H. Schiffman sent this article from EurasiaNet.org

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Fri Sep 14 12:29:22 UTC 2007

H. Schiffman (haroldfs at gmail.com) sent you this story from EurasiaNet.org:

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Article on proposed cuts to Voice of America broadcasts to Central Asia


Eurasia Insight:
Deirdre Tynan:9/07/07

Plans to eliminate the Voice of America’s Uzbek language service are likely to be shelved due to opposition in both houses of the US Congress. 

The House of Representatives and the Senate have recommended “sufficient funding to fully restore the reductions proposed in the fiscal year 2008” and “continuing broadcasting which the administration proposed for language service reduction,” including Uzbek.

In June, the House Subcommittee on State, Foreign Operations and Related Programs recommended a budget allocation of $194 million to the Voice of America -- $22.5 million more than the station’s 2007 budget and $15.7 million more than the 2008 request from the Board of Broadcasting Governors (BBG) who manages VOA and RFE/RL. 

In July, the Senate’s Subcommittee for State, Foreign Operations and Related Programs recommended a budget of $187 million for VOA, some $8.7 million more than the 2008 request from the BBG. 

A joint House-Senate conference will address the existing $7 million discrepancy in the two proposed budgets, and come up with a unified spending bill. According to a spokeswoman for the Senate Committee on Appropriations, “the conference committee should definitely happen before Christmas. We can’t say exactly when, but the sooner the better. Senator [Robert] Byrd, [a West Virginia Democrat and the committee’s chairman], is anxious to get the bill through.”

Letitia King, spokeswoman for VOA, said she was hopeful the conference committee would meet soon. “We’ll keep operating under last year’s budget, but we’d like a decision as quickly as possible. Until then, it’s not a done deal,” she said. 

Tim Shamble, president of the American Federation of Government Employees Local 1812, a labor union representing workers at VOA, said he is “reasonably confident” Uzbek and other language services will survive, but is less optimistic about budget’s rapid progress. “The fiscal year starts in October, but that deadline is rarely met,” he said. “I don’t think the proposed cuts will go through, but it may well be spring 2008 before we find out for sure.”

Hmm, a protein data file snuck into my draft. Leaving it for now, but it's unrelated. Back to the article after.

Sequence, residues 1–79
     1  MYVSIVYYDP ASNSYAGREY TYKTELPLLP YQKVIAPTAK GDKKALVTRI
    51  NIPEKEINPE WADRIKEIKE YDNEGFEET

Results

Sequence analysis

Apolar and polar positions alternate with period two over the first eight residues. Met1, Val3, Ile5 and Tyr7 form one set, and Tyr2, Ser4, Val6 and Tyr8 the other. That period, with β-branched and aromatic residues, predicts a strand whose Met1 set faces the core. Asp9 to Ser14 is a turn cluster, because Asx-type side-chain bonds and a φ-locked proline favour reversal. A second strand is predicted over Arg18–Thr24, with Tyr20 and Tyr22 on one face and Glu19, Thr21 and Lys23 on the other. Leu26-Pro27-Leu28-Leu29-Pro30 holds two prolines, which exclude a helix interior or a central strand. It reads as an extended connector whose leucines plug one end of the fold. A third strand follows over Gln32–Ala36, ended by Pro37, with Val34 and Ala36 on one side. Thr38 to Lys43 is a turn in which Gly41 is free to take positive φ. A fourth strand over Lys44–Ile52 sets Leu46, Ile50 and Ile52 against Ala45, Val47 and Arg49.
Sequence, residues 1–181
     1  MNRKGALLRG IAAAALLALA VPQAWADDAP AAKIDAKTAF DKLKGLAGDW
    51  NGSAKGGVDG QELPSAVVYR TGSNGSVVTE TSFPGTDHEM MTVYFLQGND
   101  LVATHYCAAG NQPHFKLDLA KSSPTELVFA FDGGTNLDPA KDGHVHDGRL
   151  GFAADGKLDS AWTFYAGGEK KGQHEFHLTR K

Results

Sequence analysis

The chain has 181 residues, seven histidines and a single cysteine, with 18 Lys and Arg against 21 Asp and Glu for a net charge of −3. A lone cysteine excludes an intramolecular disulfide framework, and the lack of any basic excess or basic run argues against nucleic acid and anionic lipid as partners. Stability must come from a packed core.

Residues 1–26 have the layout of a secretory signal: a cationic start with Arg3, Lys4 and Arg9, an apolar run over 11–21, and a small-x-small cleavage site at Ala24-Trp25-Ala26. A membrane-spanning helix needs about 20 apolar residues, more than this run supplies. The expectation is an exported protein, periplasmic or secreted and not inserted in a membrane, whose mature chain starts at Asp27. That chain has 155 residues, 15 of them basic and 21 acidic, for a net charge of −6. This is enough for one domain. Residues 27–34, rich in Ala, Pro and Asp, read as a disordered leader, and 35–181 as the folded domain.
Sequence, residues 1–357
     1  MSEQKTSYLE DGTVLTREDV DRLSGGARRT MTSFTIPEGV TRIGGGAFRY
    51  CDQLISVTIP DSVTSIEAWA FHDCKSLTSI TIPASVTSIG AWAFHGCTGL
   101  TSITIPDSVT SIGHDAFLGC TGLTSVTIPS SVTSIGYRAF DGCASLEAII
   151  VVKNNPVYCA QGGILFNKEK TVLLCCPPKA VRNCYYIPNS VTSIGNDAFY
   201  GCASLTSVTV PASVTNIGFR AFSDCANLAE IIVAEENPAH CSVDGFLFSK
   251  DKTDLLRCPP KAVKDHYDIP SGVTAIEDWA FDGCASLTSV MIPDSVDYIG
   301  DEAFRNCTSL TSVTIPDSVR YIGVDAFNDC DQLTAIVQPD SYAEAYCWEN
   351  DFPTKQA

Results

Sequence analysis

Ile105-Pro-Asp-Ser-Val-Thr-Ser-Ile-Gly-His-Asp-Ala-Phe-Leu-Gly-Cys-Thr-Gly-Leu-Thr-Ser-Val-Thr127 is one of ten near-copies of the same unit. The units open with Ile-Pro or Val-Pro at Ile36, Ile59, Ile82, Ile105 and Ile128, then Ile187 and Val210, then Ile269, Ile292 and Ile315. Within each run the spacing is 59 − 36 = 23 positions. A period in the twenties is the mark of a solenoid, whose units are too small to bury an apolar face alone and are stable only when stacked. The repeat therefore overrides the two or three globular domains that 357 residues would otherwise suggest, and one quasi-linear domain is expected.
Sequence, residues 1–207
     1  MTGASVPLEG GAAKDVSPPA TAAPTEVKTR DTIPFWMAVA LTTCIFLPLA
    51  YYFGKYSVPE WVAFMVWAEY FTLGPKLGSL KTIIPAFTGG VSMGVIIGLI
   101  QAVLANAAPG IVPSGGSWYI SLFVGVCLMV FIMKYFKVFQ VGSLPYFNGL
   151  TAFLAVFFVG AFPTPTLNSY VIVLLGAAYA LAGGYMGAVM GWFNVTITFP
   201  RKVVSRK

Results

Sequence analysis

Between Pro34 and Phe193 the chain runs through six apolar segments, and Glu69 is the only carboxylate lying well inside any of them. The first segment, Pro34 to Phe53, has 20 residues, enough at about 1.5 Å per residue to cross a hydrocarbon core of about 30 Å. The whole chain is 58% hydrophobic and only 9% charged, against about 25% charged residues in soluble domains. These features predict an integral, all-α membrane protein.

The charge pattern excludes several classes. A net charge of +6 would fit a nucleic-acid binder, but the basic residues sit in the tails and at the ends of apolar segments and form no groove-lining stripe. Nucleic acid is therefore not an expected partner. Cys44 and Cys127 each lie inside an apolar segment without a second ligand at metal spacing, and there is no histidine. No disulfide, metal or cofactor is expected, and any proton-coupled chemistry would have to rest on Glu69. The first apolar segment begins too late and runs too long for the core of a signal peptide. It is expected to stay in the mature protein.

This year marked the second occasion in which Uzbek-language radio programs faced elimination on VOA. The 2004 budget also cancelled the Uzbek service, but Congress reinstated the funding. 

Joe O’Connell, spokesman for the BBG, said the proposed cuts were part of a wider effort to adapt to shifting global circumstances, and to target new listeners. “We broadcast into areas where it’s most needed,” he said. “Ten years ago it was about Central and Eastern European languages, today there’s only the Balkan languages and Greek. Other than that, the thrust since 9/11 has been the Islamic world,” he said. Uzbekistan, the most populous country in Central Asia, is predominantly Muslim. It is also a country where radical Islamic groups remain active. [For background see the Eurasia Insight archive]. http://www.eurasianet.org/departments/insight/articles/pp081407.shtml 

O’Connell also suggested that Uzbek-language broadcasting was not cost-effective. In the 2007 budget, VOA had $578,000 allocated for Uzbek-language programming. “In Uzbekistan, 21 percent of the adult population listens to FM daily and 45 percent have access to FM, but re-broadcasting on local FM affiliates is prohibited. Only 10 percent of the country own access to shortwave radio,” he said. “VOA Uzbek radio only reaches 0.1 percent of the adult population.” Even with a cutoff of VOA broadcasts, Uzbeks would still have access to Uzbek-language broadcasts by Radio Free Europe/Radio Liberty, O’Connell added. 

Ted Lipien, a former VOA reporter and head of FreeMediaOnline.org, a San Francisco-based group that advocates for press freedom worldwide, characterized the BBG’s audience research as “very questionable,” arguing that, giving the Uzbek government’s repressive practices, “people are afraid to admit they are listening.”“Uzbekistan is a critical country in that part of the world. A Muslim country that has problems with Islamic fundamentalists shouldn’t be omitted from US international broadcasts, it’s wrong to do that,” Lipien maintained. [For background see the Eurasia Insight archive].http://www.eurasianet.org/departments/insight/articles/eav011707a.shtml 

“VOA should instead be committing to long-term broadcasting into Uzbekistan,” he continued. “This is a country that clearly has problems with free media, not to mention other political freedoms.” 

Lipien, who was instrumental in distributing VOA programs across Central Europe and the Soviet Union in the 1990s as director of the International Broadcasting Bureau Regional Eurasia Marketing and Program Placement Office, added; “The BBG is a bi-partisan board, but sometimes, members of the board, both Democrat and Republican, have pre-conceived ideas about what programs are important. ... Decisions are made at the BBG based on political expediencies and personal preferences, rather than [taking a] long-term view. I’m glad that Congress has seen the cuts as a mistake.” 

Editor’s Note: Deidre Tynan is a freelance journalist based in Central Asia.	


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